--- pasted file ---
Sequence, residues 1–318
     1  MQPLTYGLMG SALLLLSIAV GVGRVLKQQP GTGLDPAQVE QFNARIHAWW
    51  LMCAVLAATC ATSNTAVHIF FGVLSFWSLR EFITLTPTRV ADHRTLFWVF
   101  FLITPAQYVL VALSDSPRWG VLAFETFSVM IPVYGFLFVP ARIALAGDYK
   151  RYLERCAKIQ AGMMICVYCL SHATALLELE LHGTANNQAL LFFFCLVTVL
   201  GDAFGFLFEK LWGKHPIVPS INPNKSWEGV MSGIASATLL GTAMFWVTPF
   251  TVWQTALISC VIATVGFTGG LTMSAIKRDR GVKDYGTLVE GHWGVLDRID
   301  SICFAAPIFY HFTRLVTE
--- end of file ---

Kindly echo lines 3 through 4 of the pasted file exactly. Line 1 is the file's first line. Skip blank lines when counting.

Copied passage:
    51  LMCAVLAATC ATSNTAVHIF FGVLSFWSLR EFITLTPTRV ADHRTLFWVF
   101  FLITPAQYVL VALSDSPRWG VLAFETFSVM IPVYGFLFVP ARIALAGDYK